Friday, May 18

Canadian content requirements a bad idea

Vancouver Whitecaps captain Jay DeMerit fired off a tweet yesterday that piqued my interest: is the criticism leveled at his team for their lack of Canadians justified?

The Vancouver Whitecaps have just four Canadians on their 30-man roster. But three (Bryce Alderson, Caleb Clarke and Russel Teibert) have yet to see any playing time in regular season matches this year. The fourth, defensive stalwart Alain Rochat, is only nominally a Canadian, having moved to Switzerland when he was two — he plays his international soccer for Switzerland.

The Whitecaps' lack of Canadians has been the focus of some attention recently. They are currently in the finals of the Canadian championship against Toronto FC, who in contrast to the Whitecaps have nine Canadians on their roster. Five of them played in the first leg of the finals against Vancouver. Plus, the Canadian Soccer Association has a new president, Victor Montagliani, who has called for more stringent quotas on the number of Canadian players teams this side of the 49th parallel must carry.

Currently, Major League Soccer rules only require the league's three Canadian teams to have three Canadian players on their roster (although, as Vancouver has shown, there is no requirement to actually play them).  This begs the question: should the Canadian teams be required to employ more Canadian players?

From a fan's perspective, I think the answer is "no." Most fans want a team that can win, with players who are exciting to watch.  Whitecaps fan favourite Eric Hassli is beloved irrespective of his French citizenship, because of his rough-and-tumble style and his ability to score highlight-reel goals. Vancouver has experimented with local players in the past — notably midfielder Terry Dunfield, who was traded to Toronto last season, and Marcus Haber, who left the team before it joined Major League Soccer to ply his trade in Europe.  The local element was a nice touch, but there was no huge outcry when either player left the club — fans tend to embrace players for their work on the field, not for their origins.

For the sake of argument, let's assume I'm wrong and that soccer fans prefer to watch domestic players. Would quotas help? Probably not. That's because soccer teams have an incentive to please their fans. Soccer teams make money when their fans buy tickets and merchandise, so when fans are happy, the team's bottom line is healthy. If Vancouver fans really wanted local players, the team could be more profitable if they hired more Canadians. So unless the team's management is out of touch with fans, they should already be doing what's optimal for their fans without any quotas.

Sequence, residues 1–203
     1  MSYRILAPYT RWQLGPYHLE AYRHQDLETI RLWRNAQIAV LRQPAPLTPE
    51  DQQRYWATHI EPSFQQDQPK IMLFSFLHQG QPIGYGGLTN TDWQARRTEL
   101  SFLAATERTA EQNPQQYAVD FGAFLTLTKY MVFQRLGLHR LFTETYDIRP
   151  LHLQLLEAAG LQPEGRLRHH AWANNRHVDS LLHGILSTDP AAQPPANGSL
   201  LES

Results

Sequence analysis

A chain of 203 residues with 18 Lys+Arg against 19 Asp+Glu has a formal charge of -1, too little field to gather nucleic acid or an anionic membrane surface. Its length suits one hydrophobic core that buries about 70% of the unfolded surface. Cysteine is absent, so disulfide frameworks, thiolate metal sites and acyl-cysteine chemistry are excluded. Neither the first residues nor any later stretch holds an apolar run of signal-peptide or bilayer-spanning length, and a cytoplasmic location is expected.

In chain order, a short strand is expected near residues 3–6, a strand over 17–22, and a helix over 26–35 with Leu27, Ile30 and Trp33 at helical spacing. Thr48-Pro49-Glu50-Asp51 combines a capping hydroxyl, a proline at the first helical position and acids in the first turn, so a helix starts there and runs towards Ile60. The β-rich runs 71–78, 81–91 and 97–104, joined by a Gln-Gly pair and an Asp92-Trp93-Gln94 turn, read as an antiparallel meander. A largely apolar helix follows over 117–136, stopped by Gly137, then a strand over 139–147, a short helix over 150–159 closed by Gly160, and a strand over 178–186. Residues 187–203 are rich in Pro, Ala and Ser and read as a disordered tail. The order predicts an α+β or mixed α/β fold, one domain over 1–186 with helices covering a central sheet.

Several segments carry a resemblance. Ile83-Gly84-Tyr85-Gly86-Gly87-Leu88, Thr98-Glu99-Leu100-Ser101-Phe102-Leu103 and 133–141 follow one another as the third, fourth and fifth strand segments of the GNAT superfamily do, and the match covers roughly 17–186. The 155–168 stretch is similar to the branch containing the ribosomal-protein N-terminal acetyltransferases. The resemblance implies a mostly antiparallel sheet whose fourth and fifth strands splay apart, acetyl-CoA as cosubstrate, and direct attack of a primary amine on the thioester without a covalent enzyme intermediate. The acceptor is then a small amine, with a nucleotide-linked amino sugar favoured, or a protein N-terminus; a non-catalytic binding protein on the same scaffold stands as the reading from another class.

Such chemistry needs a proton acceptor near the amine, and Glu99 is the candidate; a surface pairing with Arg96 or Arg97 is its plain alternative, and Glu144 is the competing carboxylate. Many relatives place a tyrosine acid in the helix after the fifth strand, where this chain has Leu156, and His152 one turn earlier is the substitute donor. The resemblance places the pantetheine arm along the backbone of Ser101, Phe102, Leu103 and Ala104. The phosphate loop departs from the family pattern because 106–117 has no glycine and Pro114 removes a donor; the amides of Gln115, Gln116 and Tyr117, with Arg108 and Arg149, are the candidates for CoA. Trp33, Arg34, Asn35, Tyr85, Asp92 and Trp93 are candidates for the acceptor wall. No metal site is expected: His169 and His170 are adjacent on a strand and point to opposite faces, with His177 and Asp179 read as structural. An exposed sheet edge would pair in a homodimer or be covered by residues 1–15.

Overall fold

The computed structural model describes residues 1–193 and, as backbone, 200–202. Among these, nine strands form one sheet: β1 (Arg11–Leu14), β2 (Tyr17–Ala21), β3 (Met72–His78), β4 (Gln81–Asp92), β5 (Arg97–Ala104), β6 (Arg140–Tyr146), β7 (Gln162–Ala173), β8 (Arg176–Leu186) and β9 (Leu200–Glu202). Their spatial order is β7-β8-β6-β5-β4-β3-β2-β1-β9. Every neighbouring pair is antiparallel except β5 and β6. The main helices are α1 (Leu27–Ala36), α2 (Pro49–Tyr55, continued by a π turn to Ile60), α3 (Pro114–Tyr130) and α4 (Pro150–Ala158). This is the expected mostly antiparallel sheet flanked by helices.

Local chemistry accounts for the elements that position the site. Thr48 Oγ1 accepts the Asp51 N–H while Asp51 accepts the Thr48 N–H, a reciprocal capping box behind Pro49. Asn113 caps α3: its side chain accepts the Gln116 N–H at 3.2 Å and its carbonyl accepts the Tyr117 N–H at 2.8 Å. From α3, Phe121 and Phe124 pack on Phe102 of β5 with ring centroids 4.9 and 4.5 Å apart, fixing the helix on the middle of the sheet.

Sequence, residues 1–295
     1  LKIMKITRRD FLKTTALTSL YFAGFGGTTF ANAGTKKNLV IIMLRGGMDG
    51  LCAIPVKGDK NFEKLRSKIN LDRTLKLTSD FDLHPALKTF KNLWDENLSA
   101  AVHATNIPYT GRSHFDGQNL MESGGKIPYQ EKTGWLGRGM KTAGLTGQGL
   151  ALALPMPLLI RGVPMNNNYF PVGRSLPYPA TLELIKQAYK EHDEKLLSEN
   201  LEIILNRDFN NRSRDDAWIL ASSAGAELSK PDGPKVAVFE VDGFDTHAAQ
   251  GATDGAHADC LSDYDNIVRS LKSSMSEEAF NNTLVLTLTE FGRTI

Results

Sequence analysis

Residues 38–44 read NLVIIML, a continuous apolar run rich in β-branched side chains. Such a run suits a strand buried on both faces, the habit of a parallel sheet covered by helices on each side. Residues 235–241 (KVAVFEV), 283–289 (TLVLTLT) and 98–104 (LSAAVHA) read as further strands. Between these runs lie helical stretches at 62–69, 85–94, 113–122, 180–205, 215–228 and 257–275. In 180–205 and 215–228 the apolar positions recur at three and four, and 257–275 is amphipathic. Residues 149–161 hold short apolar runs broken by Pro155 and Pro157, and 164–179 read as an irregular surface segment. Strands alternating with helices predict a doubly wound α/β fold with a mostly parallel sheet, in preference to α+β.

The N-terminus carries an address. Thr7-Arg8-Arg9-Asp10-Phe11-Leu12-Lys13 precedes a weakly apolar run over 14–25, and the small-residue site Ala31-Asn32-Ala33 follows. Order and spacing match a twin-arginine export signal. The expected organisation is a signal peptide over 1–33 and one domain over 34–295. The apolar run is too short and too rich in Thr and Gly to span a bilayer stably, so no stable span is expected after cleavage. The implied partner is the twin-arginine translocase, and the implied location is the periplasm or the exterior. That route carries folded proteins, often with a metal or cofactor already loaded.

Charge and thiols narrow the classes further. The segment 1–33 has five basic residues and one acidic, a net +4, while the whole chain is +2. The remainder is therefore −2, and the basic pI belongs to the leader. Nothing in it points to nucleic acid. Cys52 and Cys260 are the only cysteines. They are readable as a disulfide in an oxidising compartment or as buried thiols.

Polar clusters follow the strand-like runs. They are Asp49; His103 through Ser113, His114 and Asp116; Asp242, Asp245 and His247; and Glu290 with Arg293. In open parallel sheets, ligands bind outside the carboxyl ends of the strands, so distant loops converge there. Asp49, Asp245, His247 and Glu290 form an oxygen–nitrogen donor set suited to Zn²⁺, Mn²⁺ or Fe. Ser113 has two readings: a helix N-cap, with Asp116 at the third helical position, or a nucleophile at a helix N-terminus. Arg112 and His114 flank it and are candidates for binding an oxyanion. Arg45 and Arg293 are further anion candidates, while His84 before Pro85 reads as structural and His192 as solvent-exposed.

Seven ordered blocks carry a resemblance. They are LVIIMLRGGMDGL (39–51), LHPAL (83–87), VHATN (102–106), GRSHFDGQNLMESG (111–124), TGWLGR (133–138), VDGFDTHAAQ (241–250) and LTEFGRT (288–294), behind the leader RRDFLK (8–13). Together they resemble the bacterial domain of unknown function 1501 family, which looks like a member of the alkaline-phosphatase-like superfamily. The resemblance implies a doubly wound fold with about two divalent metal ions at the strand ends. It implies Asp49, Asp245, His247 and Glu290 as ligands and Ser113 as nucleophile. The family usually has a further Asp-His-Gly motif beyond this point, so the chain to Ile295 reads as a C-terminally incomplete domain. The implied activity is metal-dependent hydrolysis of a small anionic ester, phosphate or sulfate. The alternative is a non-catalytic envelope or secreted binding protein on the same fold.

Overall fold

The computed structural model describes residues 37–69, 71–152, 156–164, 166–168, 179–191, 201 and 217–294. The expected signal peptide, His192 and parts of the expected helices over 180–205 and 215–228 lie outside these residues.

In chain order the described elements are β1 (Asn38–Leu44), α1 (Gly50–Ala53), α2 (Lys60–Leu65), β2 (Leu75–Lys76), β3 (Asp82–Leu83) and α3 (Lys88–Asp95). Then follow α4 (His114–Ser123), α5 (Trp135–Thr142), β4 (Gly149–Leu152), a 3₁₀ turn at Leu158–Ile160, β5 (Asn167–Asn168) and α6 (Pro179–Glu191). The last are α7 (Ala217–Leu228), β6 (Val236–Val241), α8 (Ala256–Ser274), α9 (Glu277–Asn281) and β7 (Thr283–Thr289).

Player development is another perspective to approach the quota issue from. Would quotas make Canadians better soccer players?  Again, probably not.

Stiffer quotas should, at the margin, increase salaries for Canadian players. In the short run, there's a fixed quantity of Canadian professional soccer players, so by increasing the number of job opportunities through quotas, Canadian players would be able to demand higher wages by playing potential employers off each other. Put another way, a Canadian team choosing between three equally talented Brazilian, Italian or Canadian soccer players would be willing to pay more for the Canadian, since the Canadian will help them meet their quota, while the Brazilian and Italian won't.

Naturally, if wages for Canadian soccer players increase, young Canadian athletes have more incentive to pursue soccer as a career. But this wage effect would likely be small in the grand scheme of things. Soccer is a global game, with leagues all around the world serving as potential employers for Canadian soccer players. So any expansion of quotas for the three Canadian Major League Soccer teams is likely to have a negligible impact on wages globally for Canadian soccer players.

One could also argue that there would be more opportunities for Canadian soccer players to learn from skilled coaches and other elite players if quotas were stricter. This argument might hold true for the quotas in the Canadian Football League, since there are limited opportunities for Canadian players to ply their trade elsewhere. If a Canadian football player is not good enough to make the NFL, they might be able to find a job in the Arena Football League, but that's about it.

Soccer is different. It's a global game, so Canadian players have countless teams that could potentially employ them, where they would benefit from skilled coaching and playing with other elite players (case in point: the 22 players selected yesterday for Canada's national team training camp play soccer in 10 different non-Major League Soccer countries). With so many job opportunities, quotas should again have a negligible impact on player development in this regard.

Would more Canadians be inspired to get involved in soccer if their local pro team had more Canadian role models? Maybe. But probably not if the Canadian players end up sitting on the bench all the time, which is what's happening right now in Vancouver. And if fans are truly inspired by the product on the field, allowing teams to field the best lineups possible by eliminating quotas is the best way to get young Canadians hooked on soccer.